For those not in the know, it is World Breastfeeding Week. From August 1-7 the “breast is best” mindset is being celebrated throughout 170 countries worldwide. Marketing efforts even include a photo competition to promote this natural artform.
In Sweden, it is presumed you will want to breastfeed your baby. It’s not usually up for discussion in the pre-birth parenting groups and mothers that simply can’t produce seem to be consumed with guilt and explanation instead.
Yet, the country is a shining example for the World Health Organization’s recommendation that exclusive breastfeeding is optimal for the first six months. The percentage of babies that have been breast-fed in Sweden hits the high nineties. Given the Swedes strict adherence to authority they routinely stop after half a year and switch to solids.
I have witnessed nursing rooms in Stockholm shopping malls but, as a rule, breastfeeding is not a discreet affair. Like most other mums, I think nothing of sitting on a street bench or stopping in the park to feed my hungry child. Yet fellow expat mum here who are holidaying in their homeland for the summer, have expressed concerns about expected reactions from breastfeeding at all, never mind baring it all in ful-frontal fashion. If it’s not a bottle, discretion is the word.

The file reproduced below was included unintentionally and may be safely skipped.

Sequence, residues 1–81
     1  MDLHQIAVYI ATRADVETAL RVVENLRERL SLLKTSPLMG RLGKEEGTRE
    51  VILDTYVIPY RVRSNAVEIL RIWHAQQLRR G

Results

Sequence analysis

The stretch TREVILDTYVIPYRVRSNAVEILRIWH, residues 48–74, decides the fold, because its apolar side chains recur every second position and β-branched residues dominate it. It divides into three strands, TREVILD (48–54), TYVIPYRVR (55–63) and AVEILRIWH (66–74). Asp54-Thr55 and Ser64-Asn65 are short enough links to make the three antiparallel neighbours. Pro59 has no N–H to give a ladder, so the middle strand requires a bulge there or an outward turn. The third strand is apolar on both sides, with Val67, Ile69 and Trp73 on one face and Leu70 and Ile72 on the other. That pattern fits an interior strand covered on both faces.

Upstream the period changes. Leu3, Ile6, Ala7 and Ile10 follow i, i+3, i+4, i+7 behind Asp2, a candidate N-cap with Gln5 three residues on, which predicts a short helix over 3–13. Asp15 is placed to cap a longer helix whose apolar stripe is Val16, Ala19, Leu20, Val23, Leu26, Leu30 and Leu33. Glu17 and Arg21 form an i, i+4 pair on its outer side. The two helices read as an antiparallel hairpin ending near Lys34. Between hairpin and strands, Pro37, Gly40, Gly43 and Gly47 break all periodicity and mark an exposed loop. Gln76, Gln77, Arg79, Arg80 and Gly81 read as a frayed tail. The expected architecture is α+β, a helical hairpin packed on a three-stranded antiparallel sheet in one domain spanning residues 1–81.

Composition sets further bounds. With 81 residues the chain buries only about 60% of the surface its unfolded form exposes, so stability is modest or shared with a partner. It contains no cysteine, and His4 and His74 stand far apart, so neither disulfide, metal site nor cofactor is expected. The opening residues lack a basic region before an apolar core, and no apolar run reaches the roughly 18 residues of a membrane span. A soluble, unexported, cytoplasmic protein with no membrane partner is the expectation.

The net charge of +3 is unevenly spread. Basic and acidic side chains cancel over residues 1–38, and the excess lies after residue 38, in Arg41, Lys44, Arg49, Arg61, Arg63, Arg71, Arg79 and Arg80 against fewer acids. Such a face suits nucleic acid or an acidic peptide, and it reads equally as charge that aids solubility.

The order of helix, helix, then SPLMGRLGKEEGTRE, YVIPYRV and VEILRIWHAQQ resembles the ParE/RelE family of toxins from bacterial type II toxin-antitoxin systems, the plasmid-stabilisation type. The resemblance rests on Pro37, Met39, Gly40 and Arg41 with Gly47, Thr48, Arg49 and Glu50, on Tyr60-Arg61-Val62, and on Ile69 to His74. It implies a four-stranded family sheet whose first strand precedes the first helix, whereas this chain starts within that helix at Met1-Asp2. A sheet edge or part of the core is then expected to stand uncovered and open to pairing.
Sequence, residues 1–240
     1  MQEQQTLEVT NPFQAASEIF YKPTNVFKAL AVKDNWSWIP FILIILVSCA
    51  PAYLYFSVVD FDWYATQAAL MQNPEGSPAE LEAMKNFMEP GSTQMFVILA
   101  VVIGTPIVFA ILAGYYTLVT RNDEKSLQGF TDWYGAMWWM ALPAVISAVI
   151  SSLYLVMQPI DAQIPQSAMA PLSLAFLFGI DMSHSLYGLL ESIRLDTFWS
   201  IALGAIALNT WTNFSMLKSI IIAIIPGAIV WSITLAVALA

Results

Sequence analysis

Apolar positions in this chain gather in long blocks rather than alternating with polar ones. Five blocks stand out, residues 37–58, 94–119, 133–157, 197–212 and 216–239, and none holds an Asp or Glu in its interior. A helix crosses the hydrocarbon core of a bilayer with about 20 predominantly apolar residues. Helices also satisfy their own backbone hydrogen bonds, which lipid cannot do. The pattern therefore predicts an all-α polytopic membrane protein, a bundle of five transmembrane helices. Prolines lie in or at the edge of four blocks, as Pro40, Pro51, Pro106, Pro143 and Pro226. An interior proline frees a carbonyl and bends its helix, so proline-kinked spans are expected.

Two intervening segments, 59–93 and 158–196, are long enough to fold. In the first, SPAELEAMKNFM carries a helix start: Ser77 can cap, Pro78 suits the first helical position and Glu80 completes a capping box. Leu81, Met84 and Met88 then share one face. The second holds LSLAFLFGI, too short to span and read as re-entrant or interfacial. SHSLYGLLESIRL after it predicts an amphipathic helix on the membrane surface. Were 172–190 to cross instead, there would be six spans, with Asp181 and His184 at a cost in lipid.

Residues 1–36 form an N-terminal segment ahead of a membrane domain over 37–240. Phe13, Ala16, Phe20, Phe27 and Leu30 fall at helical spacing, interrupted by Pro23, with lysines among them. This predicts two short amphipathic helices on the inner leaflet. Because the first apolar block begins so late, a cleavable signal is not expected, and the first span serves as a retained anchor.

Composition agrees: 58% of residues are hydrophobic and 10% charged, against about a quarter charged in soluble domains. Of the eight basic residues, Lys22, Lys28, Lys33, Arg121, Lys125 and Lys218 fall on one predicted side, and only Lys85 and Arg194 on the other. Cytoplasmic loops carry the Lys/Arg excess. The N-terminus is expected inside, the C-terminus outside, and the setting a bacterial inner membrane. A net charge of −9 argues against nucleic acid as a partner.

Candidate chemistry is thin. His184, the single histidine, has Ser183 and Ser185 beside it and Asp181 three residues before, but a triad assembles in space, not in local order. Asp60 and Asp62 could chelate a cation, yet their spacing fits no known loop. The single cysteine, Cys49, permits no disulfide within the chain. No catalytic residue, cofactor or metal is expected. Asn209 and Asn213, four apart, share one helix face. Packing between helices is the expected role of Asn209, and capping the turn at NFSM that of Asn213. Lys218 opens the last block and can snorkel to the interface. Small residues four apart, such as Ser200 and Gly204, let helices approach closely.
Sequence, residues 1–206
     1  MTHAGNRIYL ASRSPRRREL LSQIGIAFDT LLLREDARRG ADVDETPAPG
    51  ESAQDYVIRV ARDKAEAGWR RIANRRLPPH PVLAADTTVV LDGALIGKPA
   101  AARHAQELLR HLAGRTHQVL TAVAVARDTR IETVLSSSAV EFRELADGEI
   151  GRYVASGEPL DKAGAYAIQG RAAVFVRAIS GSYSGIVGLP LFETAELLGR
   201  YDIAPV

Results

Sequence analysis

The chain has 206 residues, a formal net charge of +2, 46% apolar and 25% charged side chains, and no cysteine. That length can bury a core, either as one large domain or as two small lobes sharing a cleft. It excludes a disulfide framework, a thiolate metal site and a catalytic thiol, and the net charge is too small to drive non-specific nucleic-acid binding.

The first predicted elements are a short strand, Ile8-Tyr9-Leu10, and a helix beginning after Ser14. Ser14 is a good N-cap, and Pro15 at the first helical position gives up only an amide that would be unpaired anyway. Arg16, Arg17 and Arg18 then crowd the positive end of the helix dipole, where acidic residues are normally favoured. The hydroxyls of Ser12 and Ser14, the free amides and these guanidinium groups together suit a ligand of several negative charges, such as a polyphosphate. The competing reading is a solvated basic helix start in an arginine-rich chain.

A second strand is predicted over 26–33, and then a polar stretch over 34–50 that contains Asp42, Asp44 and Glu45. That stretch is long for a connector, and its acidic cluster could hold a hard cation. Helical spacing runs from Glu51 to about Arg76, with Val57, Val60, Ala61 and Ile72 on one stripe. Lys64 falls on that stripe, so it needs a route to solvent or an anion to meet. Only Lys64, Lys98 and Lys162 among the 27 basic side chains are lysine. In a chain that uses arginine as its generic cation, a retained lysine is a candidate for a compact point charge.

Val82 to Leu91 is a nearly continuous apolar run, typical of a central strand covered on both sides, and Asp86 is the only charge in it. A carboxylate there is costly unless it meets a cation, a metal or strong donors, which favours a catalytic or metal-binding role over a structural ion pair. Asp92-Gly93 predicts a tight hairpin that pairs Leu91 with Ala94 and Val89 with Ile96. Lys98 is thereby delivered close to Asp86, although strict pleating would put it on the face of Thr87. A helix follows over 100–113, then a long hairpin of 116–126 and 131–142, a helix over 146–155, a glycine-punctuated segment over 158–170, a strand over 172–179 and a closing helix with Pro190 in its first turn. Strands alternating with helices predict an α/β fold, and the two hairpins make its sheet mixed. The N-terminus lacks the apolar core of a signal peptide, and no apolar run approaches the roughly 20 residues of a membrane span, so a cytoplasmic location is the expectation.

In 2009, a public breastfeeding display did capture attention in Sweden and the global media too. Ragnar Bengtsson, a 26-year-old father, decided to experiment to see if he could produce milk to breastfeed his future children. The self-styled Swedish “milkman” failed in his bid to lactate. Still, for his efforts, he won a trip to the States to appear on The Tyra Banks show – not a bad booby prize.
Now, I’ve been in Sweden long enough now to bare all. That Swedes have few inhibitions when it comes to being scantily clad was coined back in the sixties era of free love and sexual liberation. But somehow it stuck. The image remains of beautiful bare-chested blondes sweating in the sauna before running freely down to the water for a skinny-dipping session. It’s not an everyday occurrence but yes, they do and yes, I’ve joined in.
Being at one with nature is not quite the same when you’re on the Stockholm commuter train faced with a rather large breast to accompany your journey home. I recently spotted a mother openly feeding her child en route and chatting on her phone. No one poked their head out from behind their newspaper nor raised an eyebrow.
I took heed, stopped staring and refrained from whipping out my camera. Shame – a shot of this mobile-talking, mobile-feeding mother would surely have been a contender for the World Breastfeeding Week photo comp.